With many staying home to prevent the spread of COVID-19, energy use in California is changing. Last Tuesday, the California Independent System Operator (CAISO) released a report showing reductions in energy demand and energy prices following stay at home orders from some California counties in mid-March and the March 20 statewide stay at home order. California saw more significant reductions in weekday energy use compared to weekend energy use.
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At least 316 million people in the United States (or 96% of the country) have been directed to stay home to halt the spread of COVID-19. Those who are not essential workers are likely using up more electricity at home than they normally would, so you might imagine that the energy sector could be one of the few industries to come out of this pandemic relatively unscathed.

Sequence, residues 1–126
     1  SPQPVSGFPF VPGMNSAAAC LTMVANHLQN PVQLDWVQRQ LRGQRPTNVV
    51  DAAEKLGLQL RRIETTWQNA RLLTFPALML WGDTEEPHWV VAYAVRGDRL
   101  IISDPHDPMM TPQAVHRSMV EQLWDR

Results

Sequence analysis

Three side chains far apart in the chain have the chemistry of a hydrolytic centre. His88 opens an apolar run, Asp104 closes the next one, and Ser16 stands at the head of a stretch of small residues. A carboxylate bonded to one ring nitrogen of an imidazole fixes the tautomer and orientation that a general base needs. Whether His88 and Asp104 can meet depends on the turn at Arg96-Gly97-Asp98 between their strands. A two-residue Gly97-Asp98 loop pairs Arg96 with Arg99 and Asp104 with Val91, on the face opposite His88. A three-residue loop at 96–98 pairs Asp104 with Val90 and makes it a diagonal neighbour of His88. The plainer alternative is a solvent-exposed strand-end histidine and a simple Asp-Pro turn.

That may be true for regulated electric utilities and the large scale projects that contract with them. But it hasn’t held true for the energy sector’s largest employer, the energy efficiency sector, which has seen major layoffs since the start of the pandemic. And the pandemic’s impacts could be even more severe for smaller programs diversifying the energy efficiency workforce through job training programs for youth, low-income communities, and people of color.